“This was to be followed by a plan to restore functional independence and tolerance to normal activities, and then a plan to stay well.”

Over the next three weeks, Sue gradually started to feel better until one day the pain was gone.

Not only did Sue have an amazing hiking holiday in Canada, she’s now planning another walking holiday for this Christmas - this time a bit closer to home, in the Mendips in Somerset.

Sue will continue to have maintenance treatment at Cliffs Chiropractic, where Toby Simons, the clinic’s sports therapist is also helping to readjust her pelvis through massage and exercise.”

They say 40 is the new 20, so does that mean 60 is the new 40?

Why not?,” says Arif, owner and founder of the clinic.

Brentwood Live:

Expert Paz Nandhra

“If you’ve stayed active and eaten a healthy and varied diet, you’ll still be getting the most out of life and you may even feel healthier than you did years ago.

“Yes, you might still open the fridge and wonder why, and get up at least twice a night to go to the loo, but that’s all part of growing up!

“What you need to be aware of now is osteoarthritis; this is where the loss of cartilage around your joints, especially the hip and knee, leads to aches and pains and loss of mobility.

“Sometimes it can’t be avoided as it may be genetic, but this condition can be successfully managed through treatment, nutrition and supplements.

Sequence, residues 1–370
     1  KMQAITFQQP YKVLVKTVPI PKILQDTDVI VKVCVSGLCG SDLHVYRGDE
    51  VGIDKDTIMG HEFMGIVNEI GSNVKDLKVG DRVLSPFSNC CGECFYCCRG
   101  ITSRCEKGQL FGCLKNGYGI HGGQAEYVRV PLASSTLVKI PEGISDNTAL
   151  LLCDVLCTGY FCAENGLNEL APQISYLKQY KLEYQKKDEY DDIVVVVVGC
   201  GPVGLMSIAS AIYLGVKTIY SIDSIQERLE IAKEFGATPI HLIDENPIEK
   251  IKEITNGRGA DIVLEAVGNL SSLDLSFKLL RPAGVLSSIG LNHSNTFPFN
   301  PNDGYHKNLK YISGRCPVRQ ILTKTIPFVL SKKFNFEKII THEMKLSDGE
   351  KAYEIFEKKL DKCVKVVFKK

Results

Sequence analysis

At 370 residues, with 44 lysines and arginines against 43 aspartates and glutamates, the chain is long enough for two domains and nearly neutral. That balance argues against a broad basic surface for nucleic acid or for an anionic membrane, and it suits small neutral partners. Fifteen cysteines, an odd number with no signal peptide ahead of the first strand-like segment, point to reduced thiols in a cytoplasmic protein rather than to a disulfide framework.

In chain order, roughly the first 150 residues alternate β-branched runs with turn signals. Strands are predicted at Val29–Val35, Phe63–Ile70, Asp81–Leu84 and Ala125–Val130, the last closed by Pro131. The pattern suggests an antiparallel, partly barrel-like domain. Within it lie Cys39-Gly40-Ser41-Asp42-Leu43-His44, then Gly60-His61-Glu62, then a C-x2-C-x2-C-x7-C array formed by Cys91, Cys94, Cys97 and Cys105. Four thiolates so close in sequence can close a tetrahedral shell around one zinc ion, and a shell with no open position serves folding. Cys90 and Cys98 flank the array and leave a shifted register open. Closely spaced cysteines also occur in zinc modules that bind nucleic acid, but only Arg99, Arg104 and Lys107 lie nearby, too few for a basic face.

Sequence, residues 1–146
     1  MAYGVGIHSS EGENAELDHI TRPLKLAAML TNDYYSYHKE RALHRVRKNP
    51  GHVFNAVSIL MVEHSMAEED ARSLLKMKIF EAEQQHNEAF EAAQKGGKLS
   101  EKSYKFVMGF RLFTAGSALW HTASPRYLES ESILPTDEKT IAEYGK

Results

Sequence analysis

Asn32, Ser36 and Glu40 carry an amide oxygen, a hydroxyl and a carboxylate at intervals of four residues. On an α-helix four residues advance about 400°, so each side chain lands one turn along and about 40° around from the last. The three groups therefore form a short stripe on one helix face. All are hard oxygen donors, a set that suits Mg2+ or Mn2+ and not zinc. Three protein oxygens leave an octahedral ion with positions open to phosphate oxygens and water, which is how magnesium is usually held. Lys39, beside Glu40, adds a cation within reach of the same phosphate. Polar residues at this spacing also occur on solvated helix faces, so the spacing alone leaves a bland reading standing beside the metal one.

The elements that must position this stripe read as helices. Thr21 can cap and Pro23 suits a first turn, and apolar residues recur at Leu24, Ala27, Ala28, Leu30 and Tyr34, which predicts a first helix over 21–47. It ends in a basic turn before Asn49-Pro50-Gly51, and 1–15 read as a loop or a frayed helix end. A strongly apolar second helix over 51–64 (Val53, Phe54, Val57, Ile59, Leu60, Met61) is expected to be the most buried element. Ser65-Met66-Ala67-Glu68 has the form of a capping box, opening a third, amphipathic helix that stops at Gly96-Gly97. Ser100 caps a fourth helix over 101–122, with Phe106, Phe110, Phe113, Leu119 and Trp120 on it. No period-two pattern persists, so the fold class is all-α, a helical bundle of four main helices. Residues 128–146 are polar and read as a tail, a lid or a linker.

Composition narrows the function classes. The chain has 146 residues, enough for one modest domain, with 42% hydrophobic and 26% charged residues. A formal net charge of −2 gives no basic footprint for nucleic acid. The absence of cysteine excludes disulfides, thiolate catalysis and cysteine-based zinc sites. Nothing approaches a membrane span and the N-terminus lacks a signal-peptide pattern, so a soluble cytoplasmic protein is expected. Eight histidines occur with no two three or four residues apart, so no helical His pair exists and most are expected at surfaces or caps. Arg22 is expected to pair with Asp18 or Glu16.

“Loss of bone density, or osteoporosis, is also a natural part of ageing, but for some of us this happens much faster than is normal and needs to be treated as this condition increases the risk of fractures.”

Arif advises that the loss of muscle mass - irrespective of your weight - will also have an impact your general health because it reduces strength and mobility.

It starts in your late 30s and 40s but once you hit 60, the process accelerates dramatically, doubling from 0.5 per cent a year to 1 per cent, then 2 per cent by the age of 70, 4 per cent at 80 and so on.

“If you haven’t exercised regularly,” added Arif.

“Don’t panic, because the good news is that you can do something about it, and it’s called ‘resistance training’. This involves contracting your muscles as hard as you can, through weight-lifting for example, and is ideal for preventing age-related muscle loss.

“If exercise has never been your thing, try making it part of your life for, say, 30 minutes twice a week, building up to five times a week.

“We know that improving our physical well-being helps mental resilience too, so taking regular exercise and getting fitter will mean you stay more alert and be as quick on the uptake as you used to be; you’ll also be in a better position to manage illness or accidents.

"It’s a question of balance.”

Arif added: “If you have to lean on the wall or sit down to put your socks on, then you might want to start thinking about exercises that will improve your balance too.

"Tai Chi, Chi Gong, yoga or Pilates are excellent for improving core strength and balance, and this in turn will help prevent overbalancing which leads to falls."